A German-Israeli research team used Copernicus Sentinel-1 data to train a deep-learning based oil spill detection system in the South-eastern Mediterranean Sea, which can be used for early-stage oil contamination alerts.
As maritime traffic increases in the Mediterranean Sea, so too does the threat of oil pollution to the region’s marine environment. Its effects on marine mammals and birds are devastating, with inhalation of volatile petroleum causing respiratory irritation and narcosis.
While much pollution is caused by oil spills from tanker accidents, the majority of human-caused oil pollution is in the form of illegal discharges, such as oily ballast water, tanker washing residue and fuel oil sludge.
Early oil spill detection is not only useful to protect marine life, but also to track illegal and deliberate oil pollution in such heavily marine trafficked regions.
Researchers at the SAR Oceanography Team at the Remote Sensing Technology Institute, German Aerospace Center (DLR), aim to assist early-stage oil contamination surveillance with their detection system.
The team developed a deep learning based oil spill early warning system using Synthetic Aperture Radar (SAR) images collected from the Sentinel-1 mission of the European Union’s Copernicus Programme .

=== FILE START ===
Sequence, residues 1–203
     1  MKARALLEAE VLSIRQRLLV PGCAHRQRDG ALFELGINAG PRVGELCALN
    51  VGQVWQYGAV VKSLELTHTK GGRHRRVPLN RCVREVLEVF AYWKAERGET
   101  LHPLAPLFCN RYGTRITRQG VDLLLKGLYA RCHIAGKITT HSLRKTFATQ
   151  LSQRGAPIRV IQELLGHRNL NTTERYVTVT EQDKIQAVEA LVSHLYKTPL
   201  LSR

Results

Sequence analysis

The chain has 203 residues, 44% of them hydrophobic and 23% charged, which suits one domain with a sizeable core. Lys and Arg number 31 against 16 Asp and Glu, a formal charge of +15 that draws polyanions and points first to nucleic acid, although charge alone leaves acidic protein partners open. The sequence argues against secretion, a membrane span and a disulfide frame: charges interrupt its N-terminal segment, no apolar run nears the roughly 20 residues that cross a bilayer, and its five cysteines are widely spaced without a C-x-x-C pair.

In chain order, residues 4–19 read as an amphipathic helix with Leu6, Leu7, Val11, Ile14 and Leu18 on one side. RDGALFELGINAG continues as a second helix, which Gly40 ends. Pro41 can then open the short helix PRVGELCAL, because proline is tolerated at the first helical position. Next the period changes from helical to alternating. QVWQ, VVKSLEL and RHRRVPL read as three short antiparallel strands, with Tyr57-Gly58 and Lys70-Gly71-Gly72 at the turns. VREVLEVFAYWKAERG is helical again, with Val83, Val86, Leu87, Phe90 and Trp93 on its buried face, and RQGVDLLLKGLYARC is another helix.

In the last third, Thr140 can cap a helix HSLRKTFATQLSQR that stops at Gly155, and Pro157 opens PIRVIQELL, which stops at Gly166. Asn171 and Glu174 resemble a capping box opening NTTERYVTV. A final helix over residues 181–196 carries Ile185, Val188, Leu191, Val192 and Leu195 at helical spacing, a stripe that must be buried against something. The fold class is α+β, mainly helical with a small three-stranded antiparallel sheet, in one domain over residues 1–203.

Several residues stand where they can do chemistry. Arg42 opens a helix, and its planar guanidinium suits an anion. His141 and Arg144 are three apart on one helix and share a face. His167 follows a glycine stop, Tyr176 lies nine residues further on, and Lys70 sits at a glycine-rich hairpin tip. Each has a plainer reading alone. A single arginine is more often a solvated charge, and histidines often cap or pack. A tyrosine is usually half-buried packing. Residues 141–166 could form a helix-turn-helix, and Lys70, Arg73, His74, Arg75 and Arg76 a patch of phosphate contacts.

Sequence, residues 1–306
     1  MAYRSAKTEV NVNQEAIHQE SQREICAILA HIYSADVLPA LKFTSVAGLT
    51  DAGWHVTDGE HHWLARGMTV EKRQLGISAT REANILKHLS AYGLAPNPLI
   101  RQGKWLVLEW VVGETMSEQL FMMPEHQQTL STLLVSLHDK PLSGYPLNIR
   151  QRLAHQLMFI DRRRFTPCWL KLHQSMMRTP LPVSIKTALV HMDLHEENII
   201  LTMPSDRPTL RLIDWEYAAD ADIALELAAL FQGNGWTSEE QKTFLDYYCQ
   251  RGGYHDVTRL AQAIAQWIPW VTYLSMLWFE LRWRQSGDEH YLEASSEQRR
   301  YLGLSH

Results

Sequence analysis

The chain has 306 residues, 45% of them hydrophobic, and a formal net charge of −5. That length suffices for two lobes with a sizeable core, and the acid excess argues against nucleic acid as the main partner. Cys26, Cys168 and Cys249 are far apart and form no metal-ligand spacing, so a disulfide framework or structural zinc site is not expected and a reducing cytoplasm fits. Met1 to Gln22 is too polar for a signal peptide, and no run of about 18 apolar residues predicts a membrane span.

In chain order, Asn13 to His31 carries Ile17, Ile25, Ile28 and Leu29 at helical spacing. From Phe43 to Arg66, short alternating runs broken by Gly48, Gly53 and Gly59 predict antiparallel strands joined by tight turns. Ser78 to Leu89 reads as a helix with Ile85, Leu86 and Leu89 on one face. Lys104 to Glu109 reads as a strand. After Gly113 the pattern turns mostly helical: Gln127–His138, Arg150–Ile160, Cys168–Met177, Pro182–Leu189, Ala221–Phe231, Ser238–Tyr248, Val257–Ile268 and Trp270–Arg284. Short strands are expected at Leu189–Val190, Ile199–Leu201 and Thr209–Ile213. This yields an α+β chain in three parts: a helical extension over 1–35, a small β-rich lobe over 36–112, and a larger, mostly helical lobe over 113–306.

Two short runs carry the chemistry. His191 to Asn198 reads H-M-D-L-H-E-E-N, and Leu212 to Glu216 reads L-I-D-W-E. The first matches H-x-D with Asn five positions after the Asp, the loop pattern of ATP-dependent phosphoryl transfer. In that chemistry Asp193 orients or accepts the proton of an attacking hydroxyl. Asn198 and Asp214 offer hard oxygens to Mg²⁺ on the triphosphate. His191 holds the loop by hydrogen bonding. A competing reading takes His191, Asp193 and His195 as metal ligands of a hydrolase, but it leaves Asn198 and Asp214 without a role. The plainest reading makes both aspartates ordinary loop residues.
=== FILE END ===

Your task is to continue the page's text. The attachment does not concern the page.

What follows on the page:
The researchers chose the South-eastern Mediterranean Sea as their study area since it is a well-known oil spill hotspot.
The region is an important oil transit centre and provides the shortest shipping route from Asia to Europe. Industrial oil and gas activities have escalated here since the 2010s, when large gas fields were discovered.
The detector is based on the You Only Look Once version 4 (YOLOv4) object detection architecture, which was trained with 5930 Copernicus Sentinel-1 SAR images from 2015 to 2018. A total of 9768 oil spills from different sources and with varying sizes were discovered in the data and manually inspected by the researchers.
"We chose to use Sentinel-1 imagery not only because they were freely accessible, but also because a large dataset is required to train the deep learning architecture. Only with such a large dataset could we detect not only the large oil spill incidents, but also deliberate oil spills” says researcher Yi-Jie Yang, from DLR, Germany.
The Copernicus Sentinel-1 images were first pre-processed and cropped into smaller images and - if necessary - downscaled to fit the image input size of the object detector.
Subsequently, the oil objects were categorised into size groups (large, medium or small) to enable the detector to perform extra data analysis on specific groups. Objects below a certain size were disregarded in training the architecture.
“The challenges in detecting oil spills are that non-nominal variants can be confused with look-alikes in the radar images, such as low wind areas or wave fronts. Studies applying conventional algorithms, which detect all dark formations first and then classify the oil spills and look-alikes, have limited scope as they have focused on smaller datasets with large oil spills from exceptional disaster events . This puts into question the suitability of such methods for building an automated system,” explains Yang.